Last month, researchers at Rutgers New Jersey Medical School (NJMS) received nearly $4 million from the National Institutes of Health to research how previous infections affect lung disease, according to an article from Rutgers Today.
Mark Siracusa, an associate professor at the Center of Immunity and Inflammation and the Department of Medicine at NJMS, said the grant was a multi-group grant split up between various collaborators.
He said that the grant took five to six years of collaboration along with finding similarities between the different groups' research to create a more well-rounded understanding of pulmonary illnesses, strengthening their proposal.
"The large focus of the grant is trying to understand how previous exposure to any kind of pathogen changes your subsequent reactivity to a different signal," he said.
Siracusa said that his research included an understanding of how the body dealt with past infections and adapted for the future and the mechanistic triggers that governed these outcomes.
"If a pathway is turned on early on, and we find that results in a detrimental outcome later on, could we shut that pathway off to be able to promote a more optimal outcome to a subsequent pulmonary infection?" he said.
Siracusa said that they were looking at how eliminating these medical pathways in animal models changed the outcome when it was given an infection.
William Gause, a professor in the Department of Medicine and the director of the Institute for Infectious and Inflammatory Diseases at NJMS, said that his research involved monitoring the immune response in the lungs of mice during infectious disease.
Gause, who is also the director of the Center for Immunity and Inflammation and one of the collaborating immunology researchers, said that the experiments involved infecting mice with helminths, intestinal parasitic worms and fungi, and then with various diseases and assessing their lungs, lung function and the immune response.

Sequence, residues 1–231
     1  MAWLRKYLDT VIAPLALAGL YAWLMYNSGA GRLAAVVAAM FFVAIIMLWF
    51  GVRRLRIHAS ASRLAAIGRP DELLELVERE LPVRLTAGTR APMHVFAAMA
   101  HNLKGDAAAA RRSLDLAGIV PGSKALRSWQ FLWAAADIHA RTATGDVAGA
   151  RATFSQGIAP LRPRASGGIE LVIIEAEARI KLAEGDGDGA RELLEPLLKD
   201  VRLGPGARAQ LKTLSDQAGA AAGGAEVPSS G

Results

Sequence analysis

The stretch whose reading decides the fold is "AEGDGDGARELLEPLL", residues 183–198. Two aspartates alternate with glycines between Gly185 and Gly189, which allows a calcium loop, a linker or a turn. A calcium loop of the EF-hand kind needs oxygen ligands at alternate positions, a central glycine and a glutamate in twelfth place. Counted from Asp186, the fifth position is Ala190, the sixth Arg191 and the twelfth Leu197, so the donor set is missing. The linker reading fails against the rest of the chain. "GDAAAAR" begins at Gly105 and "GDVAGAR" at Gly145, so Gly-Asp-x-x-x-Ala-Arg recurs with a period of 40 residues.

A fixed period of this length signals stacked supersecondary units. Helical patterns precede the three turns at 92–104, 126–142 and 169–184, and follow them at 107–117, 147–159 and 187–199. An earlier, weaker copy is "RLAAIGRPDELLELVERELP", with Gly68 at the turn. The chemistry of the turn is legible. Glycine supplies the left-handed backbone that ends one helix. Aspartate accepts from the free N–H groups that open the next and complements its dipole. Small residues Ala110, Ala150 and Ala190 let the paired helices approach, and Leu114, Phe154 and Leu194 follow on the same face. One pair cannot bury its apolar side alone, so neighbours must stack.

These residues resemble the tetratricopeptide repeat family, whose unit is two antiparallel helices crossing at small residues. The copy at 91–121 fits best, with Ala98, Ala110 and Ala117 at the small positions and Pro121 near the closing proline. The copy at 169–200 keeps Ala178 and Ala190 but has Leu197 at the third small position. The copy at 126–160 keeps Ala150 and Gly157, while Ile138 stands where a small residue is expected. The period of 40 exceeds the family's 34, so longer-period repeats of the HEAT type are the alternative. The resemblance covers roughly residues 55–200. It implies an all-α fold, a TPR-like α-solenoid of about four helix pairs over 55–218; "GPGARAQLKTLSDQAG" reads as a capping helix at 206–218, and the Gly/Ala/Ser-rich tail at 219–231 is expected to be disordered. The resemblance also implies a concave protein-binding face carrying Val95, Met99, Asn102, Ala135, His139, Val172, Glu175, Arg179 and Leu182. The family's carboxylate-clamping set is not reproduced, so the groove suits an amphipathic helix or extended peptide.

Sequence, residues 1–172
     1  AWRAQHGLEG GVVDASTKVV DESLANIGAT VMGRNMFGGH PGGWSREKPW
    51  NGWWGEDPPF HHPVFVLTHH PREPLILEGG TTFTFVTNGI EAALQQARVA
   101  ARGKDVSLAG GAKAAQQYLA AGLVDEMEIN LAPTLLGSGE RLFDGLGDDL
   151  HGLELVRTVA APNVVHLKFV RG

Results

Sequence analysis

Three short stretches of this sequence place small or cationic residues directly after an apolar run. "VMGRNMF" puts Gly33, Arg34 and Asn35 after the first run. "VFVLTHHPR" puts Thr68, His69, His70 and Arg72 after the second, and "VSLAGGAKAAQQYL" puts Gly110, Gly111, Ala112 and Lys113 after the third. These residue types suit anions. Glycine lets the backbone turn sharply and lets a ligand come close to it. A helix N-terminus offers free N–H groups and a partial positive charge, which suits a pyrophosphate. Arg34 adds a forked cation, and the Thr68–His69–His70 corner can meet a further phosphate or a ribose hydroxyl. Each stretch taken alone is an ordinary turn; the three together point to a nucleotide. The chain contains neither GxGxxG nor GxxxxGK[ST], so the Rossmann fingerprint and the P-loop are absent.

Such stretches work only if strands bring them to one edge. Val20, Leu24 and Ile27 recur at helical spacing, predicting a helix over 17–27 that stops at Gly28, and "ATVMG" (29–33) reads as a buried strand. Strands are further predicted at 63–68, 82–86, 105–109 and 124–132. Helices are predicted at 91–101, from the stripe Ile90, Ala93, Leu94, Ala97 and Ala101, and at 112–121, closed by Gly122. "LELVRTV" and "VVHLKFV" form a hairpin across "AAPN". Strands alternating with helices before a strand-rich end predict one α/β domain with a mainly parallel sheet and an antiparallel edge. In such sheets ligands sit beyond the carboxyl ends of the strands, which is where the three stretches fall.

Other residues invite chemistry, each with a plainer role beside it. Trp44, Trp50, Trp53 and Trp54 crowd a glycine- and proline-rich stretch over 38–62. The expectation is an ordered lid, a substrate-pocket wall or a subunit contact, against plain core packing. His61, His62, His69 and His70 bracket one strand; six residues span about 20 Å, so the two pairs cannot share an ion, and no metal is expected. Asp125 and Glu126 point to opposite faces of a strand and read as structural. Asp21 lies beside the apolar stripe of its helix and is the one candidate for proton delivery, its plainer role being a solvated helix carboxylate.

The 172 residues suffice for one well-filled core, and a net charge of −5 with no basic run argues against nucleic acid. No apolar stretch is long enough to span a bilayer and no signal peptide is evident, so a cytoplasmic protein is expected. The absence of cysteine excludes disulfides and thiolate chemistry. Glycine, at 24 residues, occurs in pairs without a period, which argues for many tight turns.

Gause said that this could shed light on the variation in how people respond to different viral infections, like coronavirus disease (COVID-19), during which some individuals experience severe symptoms and others have milder ones.
"We think part of this might be a result of their previous environmental exposures," he said. "Genetics certainly play a role, but on top of that is the environment in which they have previously been exposed to."
Gause said that he and his fellow researchers may see the effect of exposure to fungi or the helminths in the mice's response to viruses.
He said he hopes to discover the specific pathogens that promote resistance to these viruses and identify the cell types or molecules responsible for this protection.
"If we can identify them, this gives us potential targets for new therapeutics for treating these infections, and also, they provide the basis for next-generation vaccines," he said.
Siracusa said that in the future, he wants to research the link between a person's medical history and their potential risks. He said he wants to incorporate this understanding into how clinicians treat patients.
Siracusa said that in addition to a patient's age and genetic background, doctors could look at their medical records to map their possible future infections and diseases.
"I'd like people to know that we're not just limited to the basic research, that a lot of us are really even trying to advance the therapeutic side of things," Siracusa said. "I think there are practical applications of trying to drive this, take it further out, to get it to be able to help people and be able to treat people for various disease states and inflammatory disorders."